Indigenous Communities

Condors at the Northern California Condor Restoration Program in Redwood National Park in California. The morning of Tuesday, May 3, two condors were released into Yurok Ancestral Lands.

Absent for More Than a Century, California Condors Soar Above the Redwoods Again

— Following 14 years of preparation, the Yurok Tribe and partners have begun releasing the endangered birds back into northern California, rebuilding the condor’s range and revitalizing tribal traditions.

Rulers of the Upper Realm, Thunderbirds Are Powerful Native Spirits

— Also known as Thunderers or Thunderbeings, the bird-like spirits’ particular attributes and stories can vary by tribe and even family line.

On the Alaska Coast, Native Women Are Reviving a Cozy Tradition

— The Yup’ik art of sewing feather-lined parkas for babies was nearly lost after the government outlawed the spring waterfowl hunt. Luckily, a centenarian Elder remembered how it’s done.

For These Cree First Nations, Canada Geese Are Central to Cultural Revival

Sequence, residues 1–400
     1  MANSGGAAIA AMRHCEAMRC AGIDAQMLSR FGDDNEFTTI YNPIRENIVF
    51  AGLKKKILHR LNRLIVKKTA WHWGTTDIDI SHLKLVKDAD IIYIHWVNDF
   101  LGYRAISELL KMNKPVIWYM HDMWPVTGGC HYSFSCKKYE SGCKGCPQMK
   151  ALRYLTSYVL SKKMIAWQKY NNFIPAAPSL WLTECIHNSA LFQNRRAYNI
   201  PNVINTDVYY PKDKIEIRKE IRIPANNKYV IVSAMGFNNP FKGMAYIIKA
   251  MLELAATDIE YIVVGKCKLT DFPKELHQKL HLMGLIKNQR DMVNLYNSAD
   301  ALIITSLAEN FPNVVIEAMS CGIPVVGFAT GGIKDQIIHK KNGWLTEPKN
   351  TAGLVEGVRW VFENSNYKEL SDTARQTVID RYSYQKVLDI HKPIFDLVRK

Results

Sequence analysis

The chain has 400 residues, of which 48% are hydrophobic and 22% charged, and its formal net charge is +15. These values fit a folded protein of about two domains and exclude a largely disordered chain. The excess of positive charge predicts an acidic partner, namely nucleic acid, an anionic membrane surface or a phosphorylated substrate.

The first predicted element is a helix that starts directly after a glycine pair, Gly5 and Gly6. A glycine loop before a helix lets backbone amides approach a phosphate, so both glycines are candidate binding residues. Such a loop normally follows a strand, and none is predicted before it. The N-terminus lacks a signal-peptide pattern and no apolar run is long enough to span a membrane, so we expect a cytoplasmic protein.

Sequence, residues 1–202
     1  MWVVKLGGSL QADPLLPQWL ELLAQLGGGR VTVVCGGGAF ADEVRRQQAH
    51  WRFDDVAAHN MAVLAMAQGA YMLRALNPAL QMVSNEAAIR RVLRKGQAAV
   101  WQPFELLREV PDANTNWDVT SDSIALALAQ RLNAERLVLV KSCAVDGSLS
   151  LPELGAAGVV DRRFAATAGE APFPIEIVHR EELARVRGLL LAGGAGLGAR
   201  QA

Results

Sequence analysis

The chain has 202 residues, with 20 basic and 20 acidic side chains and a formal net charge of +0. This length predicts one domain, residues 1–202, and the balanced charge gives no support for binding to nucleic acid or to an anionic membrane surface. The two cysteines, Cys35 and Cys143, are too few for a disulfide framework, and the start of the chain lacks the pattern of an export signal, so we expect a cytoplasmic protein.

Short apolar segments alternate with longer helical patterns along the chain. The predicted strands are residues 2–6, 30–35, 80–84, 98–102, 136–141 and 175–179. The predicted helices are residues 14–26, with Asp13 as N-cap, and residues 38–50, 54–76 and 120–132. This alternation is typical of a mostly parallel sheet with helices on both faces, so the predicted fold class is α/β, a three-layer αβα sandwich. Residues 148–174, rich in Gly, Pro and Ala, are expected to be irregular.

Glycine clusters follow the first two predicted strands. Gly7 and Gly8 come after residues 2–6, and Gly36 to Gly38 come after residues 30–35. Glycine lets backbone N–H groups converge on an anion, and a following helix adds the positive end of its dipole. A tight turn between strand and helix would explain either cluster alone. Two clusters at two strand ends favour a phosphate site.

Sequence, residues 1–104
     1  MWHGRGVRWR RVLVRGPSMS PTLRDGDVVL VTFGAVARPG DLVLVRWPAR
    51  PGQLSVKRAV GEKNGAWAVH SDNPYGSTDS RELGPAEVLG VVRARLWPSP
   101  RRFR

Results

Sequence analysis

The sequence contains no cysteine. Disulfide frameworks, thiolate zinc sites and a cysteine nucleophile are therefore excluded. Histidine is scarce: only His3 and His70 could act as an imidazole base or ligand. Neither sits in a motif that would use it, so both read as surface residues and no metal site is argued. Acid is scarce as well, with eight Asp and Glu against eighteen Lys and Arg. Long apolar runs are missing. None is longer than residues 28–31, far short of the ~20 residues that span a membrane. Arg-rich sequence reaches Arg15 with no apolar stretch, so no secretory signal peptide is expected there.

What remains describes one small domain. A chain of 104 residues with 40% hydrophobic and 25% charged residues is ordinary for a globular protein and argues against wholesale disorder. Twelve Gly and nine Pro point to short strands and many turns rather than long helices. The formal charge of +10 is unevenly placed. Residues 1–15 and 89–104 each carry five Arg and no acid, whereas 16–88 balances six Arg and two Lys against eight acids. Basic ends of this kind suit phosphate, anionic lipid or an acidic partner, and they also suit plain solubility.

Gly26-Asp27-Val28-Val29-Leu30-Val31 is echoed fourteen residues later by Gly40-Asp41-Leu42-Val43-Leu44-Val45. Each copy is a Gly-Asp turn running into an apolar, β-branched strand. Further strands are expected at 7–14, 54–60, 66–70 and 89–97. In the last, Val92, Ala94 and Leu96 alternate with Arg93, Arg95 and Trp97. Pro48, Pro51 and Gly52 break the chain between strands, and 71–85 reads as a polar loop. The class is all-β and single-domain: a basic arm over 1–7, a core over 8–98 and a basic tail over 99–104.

— In Northern Canada, Indigenous traditions surrounding the annual waterfowl hunt have stayed resilient to challenges.

The Tale of One Tiny Songbird Is Amplifying an Ancient Mayan Language

— How a children's book about the endangered Golden-cheeked Warbler became part of a movement to embrace Indigenous languages in Mexico.

An Indigenous Effort to Return Condors to the Pacific Northwest Nears Its Goal

— The Yurok Tribe plans to soon reintroduce North America's largest bird to northern California, where the raptor hasn't soared for a century.
Bradford Kasberg in Eggers Grove, Chicago. Frankie Pedersen

Working to Restore Bird Habitat, I Carry On Traditions That Were Meant to Be Erased

— Indigenous Peoples’ Day is a chance to celebrate the diversity and resilience of our country’s original inhabitants, whose long-overlooked ecological knowledge can help guide conservation today.